Su Hui-Yu, the exhibition's creator, was inspired to put it together as a result of his own reactions to modern-day reflections on gender, identity, and subcultures in Taiwanese society.
It's a timely exhibition considering Taiwan's recent ruling to allow same-sex marriage.
Here, Su Hui-Yu pens an open letter about the inspiration behind his exhibition, which is being presented in Adelaide as part of OzAsia Festival.
It was a Taiwanese-style fast food joint that offered cheap meals and a place for day labourers to relax.
The restaurant was redolent of smoke emanating from cooking oil, which blended with the aromas of different fatty dishes and the scent of men’s sweat on a summer afternoon.
Every poster on the wall was a brightly-coloured image of flesh, exuding fragrance beyond the edges of the picture frame. Some of them even oozed out the stench of blood.
In these images there were women, men, bodies, horrific massacres, half-exposed breasts, seductive postures, light reflected from sabers, and shadows of swords.
Most of these posters were designed in the style of gubahtiunn (literally translated it means 'beef joints' and in this context refers to Taiwanese strip shows), but one of them struck me as being less vulgar, perhaps more imaginative.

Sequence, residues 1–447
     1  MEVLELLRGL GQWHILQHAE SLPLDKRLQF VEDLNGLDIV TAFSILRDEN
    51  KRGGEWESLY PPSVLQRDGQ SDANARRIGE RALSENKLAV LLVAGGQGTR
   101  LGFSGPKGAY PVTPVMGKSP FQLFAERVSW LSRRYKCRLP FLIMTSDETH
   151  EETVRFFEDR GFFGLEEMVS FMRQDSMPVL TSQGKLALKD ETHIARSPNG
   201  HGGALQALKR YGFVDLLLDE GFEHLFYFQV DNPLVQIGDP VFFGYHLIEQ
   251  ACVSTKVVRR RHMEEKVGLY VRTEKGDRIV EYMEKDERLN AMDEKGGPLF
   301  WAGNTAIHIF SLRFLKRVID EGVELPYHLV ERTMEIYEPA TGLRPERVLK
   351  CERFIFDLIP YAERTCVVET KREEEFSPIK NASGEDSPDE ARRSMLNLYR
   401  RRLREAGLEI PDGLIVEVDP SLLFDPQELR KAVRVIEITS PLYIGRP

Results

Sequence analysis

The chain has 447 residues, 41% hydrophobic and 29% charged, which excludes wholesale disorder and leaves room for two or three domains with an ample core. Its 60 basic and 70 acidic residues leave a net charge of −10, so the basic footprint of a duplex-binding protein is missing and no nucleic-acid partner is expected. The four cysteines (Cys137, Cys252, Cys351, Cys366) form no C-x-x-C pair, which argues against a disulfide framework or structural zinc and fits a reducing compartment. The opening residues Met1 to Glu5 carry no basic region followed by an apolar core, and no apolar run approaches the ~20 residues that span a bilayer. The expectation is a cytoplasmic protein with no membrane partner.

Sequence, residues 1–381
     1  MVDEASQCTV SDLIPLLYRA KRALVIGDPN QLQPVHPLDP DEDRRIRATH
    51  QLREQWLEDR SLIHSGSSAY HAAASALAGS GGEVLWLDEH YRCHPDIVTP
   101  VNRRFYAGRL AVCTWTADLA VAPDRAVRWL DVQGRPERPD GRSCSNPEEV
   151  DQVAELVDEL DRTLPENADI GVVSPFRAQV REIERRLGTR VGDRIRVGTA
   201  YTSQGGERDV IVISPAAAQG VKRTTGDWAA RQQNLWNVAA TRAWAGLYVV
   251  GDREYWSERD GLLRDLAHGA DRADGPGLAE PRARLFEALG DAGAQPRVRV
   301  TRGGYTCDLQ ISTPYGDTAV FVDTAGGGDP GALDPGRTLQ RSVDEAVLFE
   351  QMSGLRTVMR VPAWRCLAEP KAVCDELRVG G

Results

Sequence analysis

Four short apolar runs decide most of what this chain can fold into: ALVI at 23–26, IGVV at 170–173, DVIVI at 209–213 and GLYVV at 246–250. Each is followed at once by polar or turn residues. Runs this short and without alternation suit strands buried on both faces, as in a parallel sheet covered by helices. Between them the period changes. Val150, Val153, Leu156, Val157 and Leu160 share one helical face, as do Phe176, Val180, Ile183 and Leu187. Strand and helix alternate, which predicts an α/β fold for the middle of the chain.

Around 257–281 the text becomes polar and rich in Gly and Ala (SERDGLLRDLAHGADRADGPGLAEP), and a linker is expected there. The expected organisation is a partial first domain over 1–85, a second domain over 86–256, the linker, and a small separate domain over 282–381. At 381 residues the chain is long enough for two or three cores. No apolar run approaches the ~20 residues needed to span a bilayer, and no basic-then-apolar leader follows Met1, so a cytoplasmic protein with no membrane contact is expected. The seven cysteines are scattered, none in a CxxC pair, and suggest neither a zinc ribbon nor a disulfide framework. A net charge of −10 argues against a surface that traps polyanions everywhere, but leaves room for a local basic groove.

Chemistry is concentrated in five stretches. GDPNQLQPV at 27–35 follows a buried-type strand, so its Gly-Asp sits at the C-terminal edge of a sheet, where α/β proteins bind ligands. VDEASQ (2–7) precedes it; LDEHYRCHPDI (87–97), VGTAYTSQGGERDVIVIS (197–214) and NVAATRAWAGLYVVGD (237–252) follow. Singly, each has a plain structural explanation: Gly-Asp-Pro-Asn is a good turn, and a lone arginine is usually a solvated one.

The poster for 1985’s 'The Glamorous Boys Of Tang' (directed by Chiu Kang Chien) was imprinted into my mind amid this mélange of scents.
Thirty years later, I had the fortune to visit cinematographer Chang Chao-tang. 'The Glamorous Boys Of Tang' returned to my field of vision. This time, I discovered again the gargantuan ambition and playfulness in this extraordinary film: the sexually-ambiguous young men, the overlap between the blood-slaughter realm of Buddhist monks and the liberation of the body, the reversal of gender and power, the anachronism of costumes and fashions.
Under the limitation of time, these ideas remained unfulfilled by the late Chiu Kang Chien (1940–2013). His spirit and his creative courage deserve our further study, so that we can pass our findings on to the next generation.
In this film, I want to locate a spiritual intersection from my childhood, and to let this cinematic work walk a few more miles so that we can move forward on our way to more spectacular imaginations and ideas.”
What do you do in your day-to-day life?I work in retail at Lovisa, I’ve ranged from a casual all the way up to assistant manager, but now I’m settled part-time. Besides that, I’m always planning performances for the future, and also supporting my fellow performers. And eating. Ooft!Read more: